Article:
Errrr no. So far the cost of climate inaction is zero – there has been no damage to society or the economy, nor will there be, but the cost of climate action is into the trillions. And Cook has never heard of something called a freeloader. Ya know, like China increasing its coal use while UK residents can’t afford to boil a kettle. Stuff like that. The folks doing the least are so far doing the best.

Are we onto 2 yet? Please say we are.

Myth no. 2: Scientists and activists are overreacting; opponents are being realistic

Ha, I’ve a feeling I’m going to like this one.

Once again Cook is the go-to guy:

Another way that climate denial views are being recast is in “culture war terms,” says Cook, by painting proponents of climate action as “extremist and pushing political agendas.”

Well there is no evidence of any of that. Whatsoever. I could trip over it if I wasn’t looking, but it doesn’t exist. Pah.

According to Watson,

In reality, we’ve been in the loop on climate change for at least 62 years—and that we’re down to the wire to to keep the worst impacts from happening. Making climate change political and dragging out decision making is in some ways, a new excuse to do nothing at all.

Right, so hold on – lemme just rephrase that – people have been warning us that we’re doomed since, er, 1960 – anyone know what happened then, can’t be bothered to hover over the link – and right now, just at this very moment that just happens to be so very important because it is NOW, we’re “down to the wire.” Stupidity on toast. The previous failures do not make the next prediction more likely to be true. Also I’m not liking your comma usage. Oh, and you didn’t need “that” back there.

Another reason politics and social identity have been injected into climate conspiracies is through a fringe movement that correlates immigration with environmental catastrophe. This has also been named “eco-bordering” by British political scientists Joe Turner and Dan Bailey. “This discourse seeks to blame immigration for national environmental degradation, which draws on colonial and racialized imaginaries of nature in order to rationalize further border restrictions and ‘protect’ the ‘nativist stewardship’ of national nature,” they wrote in a recent paper.

I have no idea what any of that means, but if they are calling me a racist someone’s gonna have to hold my beer. What is a racialized imaginary of nature anyway?

Please tell me we’re onto #3.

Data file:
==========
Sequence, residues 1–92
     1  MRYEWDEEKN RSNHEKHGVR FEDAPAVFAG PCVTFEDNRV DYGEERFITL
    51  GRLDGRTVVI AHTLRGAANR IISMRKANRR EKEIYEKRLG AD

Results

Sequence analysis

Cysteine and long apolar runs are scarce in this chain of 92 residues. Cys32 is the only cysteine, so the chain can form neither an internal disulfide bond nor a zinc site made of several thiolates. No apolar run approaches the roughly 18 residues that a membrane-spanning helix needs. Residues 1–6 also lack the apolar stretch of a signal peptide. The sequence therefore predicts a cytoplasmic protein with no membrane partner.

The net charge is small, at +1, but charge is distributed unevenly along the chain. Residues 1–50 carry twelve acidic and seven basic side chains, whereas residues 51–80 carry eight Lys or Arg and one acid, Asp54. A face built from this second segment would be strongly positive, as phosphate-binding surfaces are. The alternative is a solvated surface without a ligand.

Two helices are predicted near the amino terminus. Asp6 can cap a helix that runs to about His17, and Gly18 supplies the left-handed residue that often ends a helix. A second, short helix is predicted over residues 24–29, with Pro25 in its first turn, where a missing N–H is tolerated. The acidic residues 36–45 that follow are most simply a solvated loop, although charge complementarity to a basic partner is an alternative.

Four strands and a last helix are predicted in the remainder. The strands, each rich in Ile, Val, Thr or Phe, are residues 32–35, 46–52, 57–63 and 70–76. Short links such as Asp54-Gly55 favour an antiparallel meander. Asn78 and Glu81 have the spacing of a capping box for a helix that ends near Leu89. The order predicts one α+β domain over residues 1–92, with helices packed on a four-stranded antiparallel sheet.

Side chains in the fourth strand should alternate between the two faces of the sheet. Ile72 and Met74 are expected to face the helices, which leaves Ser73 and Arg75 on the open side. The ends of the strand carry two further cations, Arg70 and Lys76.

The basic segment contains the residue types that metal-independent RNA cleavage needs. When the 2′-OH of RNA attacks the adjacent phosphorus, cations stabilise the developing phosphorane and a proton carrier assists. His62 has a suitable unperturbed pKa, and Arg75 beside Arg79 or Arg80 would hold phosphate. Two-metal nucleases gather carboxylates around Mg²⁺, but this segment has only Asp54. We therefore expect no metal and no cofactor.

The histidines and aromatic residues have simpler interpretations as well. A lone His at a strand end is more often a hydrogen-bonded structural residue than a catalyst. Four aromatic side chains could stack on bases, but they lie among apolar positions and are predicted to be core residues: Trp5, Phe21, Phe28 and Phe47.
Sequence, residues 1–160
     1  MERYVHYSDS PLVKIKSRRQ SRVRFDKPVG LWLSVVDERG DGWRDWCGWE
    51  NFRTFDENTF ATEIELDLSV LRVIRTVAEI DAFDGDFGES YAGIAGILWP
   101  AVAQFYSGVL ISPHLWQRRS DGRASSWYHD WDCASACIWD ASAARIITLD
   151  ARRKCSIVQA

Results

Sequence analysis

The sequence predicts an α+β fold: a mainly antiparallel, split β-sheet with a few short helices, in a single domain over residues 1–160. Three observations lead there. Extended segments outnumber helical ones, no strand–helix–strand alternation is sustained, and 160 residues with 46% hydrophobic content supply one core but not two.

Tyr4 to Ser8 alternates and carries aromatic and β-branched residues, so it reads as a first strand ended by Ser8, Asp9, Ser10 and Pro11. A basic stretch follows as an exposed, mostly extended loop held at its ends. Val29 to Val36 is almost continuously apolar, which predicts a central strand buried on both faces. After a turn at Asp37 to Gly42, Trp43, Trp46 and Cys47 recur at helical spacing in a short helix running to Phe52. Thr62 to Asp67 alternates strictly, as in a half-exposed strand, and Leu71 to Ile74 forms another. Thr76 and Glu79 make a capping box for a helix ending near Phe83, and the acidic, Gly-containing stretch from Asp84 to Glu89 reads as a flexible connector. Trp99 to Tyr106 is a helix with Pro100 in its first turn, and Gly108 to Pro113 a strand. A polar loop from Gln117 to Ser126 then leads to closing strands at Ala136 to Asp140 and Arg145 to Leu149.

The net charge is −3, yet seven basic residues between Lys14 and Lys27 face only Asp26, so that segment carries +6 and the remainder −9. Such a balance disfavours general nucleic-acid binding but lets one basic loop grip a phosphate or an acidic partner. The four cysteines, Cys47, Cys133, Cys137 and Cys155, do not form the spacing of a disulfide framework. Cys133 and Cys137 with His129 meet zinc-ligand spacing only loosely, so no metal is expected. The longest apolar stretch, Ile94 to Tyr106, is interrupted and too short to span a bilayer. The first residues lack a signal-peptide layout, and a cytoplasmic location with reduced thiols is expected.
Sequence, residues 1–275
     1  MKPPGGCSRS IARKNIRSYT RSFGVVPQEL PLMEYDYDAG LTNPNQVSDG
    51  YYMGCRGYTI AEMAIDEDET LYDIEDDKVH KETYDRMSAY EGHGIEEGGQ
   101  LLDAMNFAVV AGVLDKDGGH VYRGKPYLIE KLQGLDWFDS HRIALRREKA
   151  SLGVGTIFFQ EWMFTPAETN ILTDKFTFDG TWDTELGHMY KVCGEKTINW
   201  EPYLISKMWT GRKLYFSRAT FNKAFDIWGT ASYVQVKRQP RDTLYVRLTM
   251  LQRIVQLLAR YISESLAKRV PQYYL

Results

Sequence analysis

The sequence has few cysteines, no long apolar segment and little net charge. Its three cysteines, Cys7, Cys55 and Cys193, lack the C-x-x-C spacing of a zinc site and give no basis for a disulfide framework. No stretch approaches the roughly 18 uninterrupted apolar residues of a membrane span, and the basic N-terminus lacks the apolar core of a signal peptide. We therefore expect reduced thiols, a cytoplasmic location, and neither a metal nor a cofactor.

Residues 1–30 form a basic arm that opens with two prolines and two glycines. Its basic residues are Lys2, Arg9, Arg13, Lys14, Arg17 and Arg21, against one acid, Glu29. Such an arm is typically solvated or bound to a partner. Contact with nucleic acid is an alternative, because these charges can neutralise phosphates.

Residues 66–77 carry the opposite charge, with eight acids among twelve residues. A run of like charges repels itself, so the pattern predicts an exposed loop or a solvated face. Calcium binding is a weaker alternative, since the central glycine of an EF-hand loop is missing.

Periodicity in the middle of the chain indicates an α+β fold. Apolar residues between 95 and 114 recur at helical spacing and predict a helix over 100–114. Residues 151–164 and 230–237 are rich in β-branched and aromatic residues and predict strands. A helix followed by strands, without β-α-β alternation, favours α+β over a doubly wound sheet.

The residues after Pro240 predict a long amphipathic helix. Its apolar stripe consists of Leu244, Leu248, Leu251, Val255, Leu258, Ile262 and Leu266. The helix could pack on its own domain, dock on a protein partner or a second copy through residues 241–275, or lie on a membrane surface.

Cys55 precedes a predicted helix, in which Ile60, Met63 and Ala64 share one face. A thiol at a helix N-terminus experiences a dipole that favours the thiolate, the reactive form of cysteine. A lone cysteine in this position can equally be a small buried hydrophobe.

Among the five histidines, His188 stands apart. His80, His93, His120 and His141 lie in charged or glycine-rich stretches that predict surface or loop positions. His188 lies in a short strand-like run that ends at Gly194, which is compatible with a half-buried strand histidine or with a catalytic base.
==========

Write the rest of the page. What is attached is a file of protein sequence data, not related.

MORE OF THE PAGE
Myth no. 3: Corporations are already doing the necessary work

Well, the existence of this myth is itself a myth, in that I’ve never heard anyone say it. Perhaps I’m living in a denialist silo, but if so, my receiving apparatus should be picking up all relevant denialist myths, including Myth #3.

It’s something to with greenwashing. Well, greenwashing works. Every action to “fight” climate change, from (i) electric cars to (ii) wind turbines to all those lovely council committees is greenwashing. It won’t actually benefit anyone, save for those with a financial interest in flogging (i) and getting paid for owning (ii). Moving rapidly on to……….

Myth no. 4: We’re doomed

Nope. No, we’re not. Now if I was a scatterbrained tyro journalist trying to write something semi-literate about climate denial, this is the point at which I would call in the supersub, Michael the Great. Does Watson?

The final kind of new climate change denial is the belief that the apocalypse is inevitable, and there’s nothing we can do about the climate crisis. And while global warming is certainly an ever-looming and scary issue, it doesn’t have to signal the end of the world.

I think you meant “but” rather than “and”. But hey! Where’s Michael the Great…?

He’s not there. 😦 Instead, Katherine Heyhoe provides the quote.

The kind of hope we need—rational, stubborn hope—isn’t about positive thinking, but it doesn’t begin with imitating an ostrich, either,” Katharine Hayhoe, chief scientist at The Nature Conservancy, wrote in New Scientist. “It starts by acknowledging just how serious climate change is and what is at risk: the future of civilization as we know it.

Balderdash. And several less polite words. Civilisation is not at risk from climate change. Poor people are at risk from Weather, but that’s different. Civilisation will laugh at whatever climate change has to offer. But by trying to save the climate we might unintentionally make ourselves vulnerable to nice, pleasant weather, as noted by the Met Office’s Mark Butcher last September:

…the decarbonisation of the energy system is one of the most important climate challenges that we face at the moment, but what happens is as you increase the amount of renewables that you have in your energy system, erm, you’re also increasing the vulnerability of that system to adverse weather conditions.

And what’s interesting about this is that these weren’t adverse weather conditions ten years ago, this was just nice, pleasant weather. It’s because we’ve got more and more wind power in the system that what we need to do now is think about ways in which we can strengthen that system and make it more resilient.


Well, of the four, one is an alarmist myth and one is a myth I’ve never heard of and is in any case not a denialist myth. The other two are true, I think.

One day, a bit of lint in the Pocket will belong to Cliscep. I just know it will.


via Climate Scepticism


May 7, 2022 at 04:46AM